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    TSA Concept Video Shows Future RFID-Enabled Airport
    Spychips In Passports May Be Just The Start, Warn Privacy Advocates
    - SpyChips.com

    RFID-laced passports may be just the start of an Orwellian airport
    experience, warn privacy advocates and authors Katherine Albrecht
    and Liz McIntyre as the nation braced for the rollout of the
    controversial technology in passports last month.

    They point to a U.S. Transportation Security Administration (TSA)
    concept video created by CompEx Inc. that shows how citizens can be
    tracked and monitored throughout an airport terminal -- without
    their knowledge or consent.

    The animated flash clip is posted on the authors' website at:

    In the video, citizen "Bob" is remotely identified and tracked via
    Radio Frequency Identification (RFID) devices as he enters an
    airport and navigates to his gate. The video ends with chilling
    frames of a government agent surreptitiously scanning Bob and his
    belongings as he sits in the waiting area.

    CompEx Inc. President Aram Kovach, who developed the film as a demo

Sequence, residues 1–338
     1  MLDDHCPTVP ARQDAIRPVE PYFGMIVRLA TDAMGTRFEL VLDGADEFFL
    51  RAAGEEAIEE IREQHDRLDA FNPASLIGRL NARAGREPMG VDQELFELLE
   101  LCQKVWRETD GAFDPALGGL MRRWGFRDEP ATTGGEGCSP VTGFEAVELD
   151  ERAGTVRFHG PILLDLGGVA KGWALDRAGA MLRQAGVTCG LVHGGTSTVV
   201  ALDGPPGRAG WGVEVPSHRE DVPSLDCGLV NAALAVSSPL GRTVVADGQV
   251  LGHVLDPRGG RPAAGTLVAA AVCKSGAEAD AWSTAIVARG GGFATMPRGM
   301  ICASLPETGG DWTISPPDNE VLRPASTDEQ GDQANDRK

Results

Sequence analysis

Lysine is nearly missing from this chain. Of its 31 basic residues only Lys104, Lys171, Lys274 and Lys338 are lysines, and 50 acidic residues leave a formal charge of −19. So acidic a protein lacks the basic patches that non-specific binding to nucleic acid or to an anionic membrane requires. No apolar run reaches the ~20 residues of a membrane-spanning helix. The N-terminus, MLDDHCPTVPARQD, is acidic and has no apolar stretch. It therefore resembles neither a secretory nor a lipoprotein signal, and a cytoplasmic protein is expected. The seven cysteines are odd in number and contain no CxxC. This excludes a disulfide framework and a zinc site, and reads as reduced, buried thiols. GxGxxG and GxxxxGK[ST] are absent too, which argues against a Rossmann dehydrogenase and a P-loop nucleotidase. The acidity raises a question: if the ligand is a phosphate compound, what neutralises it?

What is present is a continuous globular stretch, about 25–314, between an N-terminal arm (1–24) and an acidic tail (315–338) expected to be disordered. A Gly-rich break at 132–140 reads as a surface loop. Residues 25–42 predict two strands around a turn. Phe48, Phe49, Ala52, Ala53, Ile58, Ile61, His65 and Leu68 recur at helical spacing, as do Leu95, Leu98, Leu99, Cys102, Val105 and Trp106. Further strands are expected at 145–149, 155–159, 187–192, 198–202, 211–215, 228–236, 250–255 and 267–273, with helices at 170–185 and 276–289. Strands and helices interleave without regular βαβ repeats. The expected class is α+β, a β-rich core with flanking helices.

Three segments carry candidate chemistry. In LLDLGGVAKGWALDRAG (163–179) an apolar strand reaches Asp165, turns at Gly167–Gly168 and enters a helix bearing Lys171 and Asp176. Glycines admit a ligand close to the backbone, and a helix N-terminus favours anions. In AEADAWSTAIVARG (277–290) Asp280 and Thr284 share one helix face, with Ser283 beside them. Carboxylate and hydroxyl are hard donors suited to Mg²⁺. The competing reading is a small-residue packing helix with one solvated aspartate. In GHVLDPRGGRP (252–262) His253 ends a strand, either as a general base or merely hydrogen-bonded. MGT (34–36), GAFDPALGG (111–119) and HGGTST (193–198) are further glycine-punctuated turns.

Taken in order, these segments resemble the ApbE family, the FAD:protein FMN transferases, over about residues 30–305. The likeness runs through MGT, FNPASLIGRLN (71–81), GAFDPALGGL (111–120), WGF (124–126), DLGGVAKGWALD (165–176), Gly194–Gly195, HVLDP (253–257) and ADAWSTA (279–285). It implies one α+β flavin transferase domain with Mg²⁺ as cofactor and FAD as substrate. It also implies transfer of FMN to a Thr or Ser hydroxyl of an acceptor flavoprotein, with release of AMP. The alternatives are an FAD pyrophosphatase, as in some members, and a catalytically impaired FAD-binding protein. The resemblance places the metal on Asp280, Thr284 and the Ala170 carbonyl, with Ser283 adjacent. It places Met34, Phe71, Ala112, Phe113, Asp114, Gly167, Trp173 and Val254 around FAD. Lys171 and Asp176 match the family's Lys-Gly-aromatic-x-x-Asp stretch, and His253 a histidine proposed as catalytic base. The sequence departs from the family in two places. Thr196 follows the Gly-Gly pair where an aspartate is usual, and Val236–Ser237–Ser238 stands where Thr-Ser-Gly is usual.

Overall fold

for the TSA, received a U.S. Patent for the idea he calls "Method
    for Tracking and Processing Passengers and their Transported
    Articles" in November of 2005 According to company press releases,
    TSA officials entertained his ideas twice, once in 2002 and once in
    2003, and "offered to direct CompEx in pursuing a segmented
    objective within the guidelines they have set forth."

    "This footage raises the specter of Soviet-style government
    surveillance creeping onto our free soil," said McIntyre. "People
    need to know that our government has actively considered these
    disturbing and invasive RFID concepts. With RFID now appearing in
    our passports, the threat to our privacy and civil liberties may be
    more than theoretical."

    "RFID passports will do little to keep us safer," Albrecht added.
    "On the contrary, by requiring us to carry RFID tags in our travel
    documents, the government is jeopardizing our personal information
    while doing little to slow down the bad guys."

    The new passports are vulnerable to hacking and cloning by
    criminals. Last week at the Black Hat security conference in Las
    Vegas, German researcher Lukas Grunwald showed how easily a criminal
    or terrorist could clone RFID tags like those in U.S. passports
    using inexpensive and readily available hardware.

    PT Shamrock

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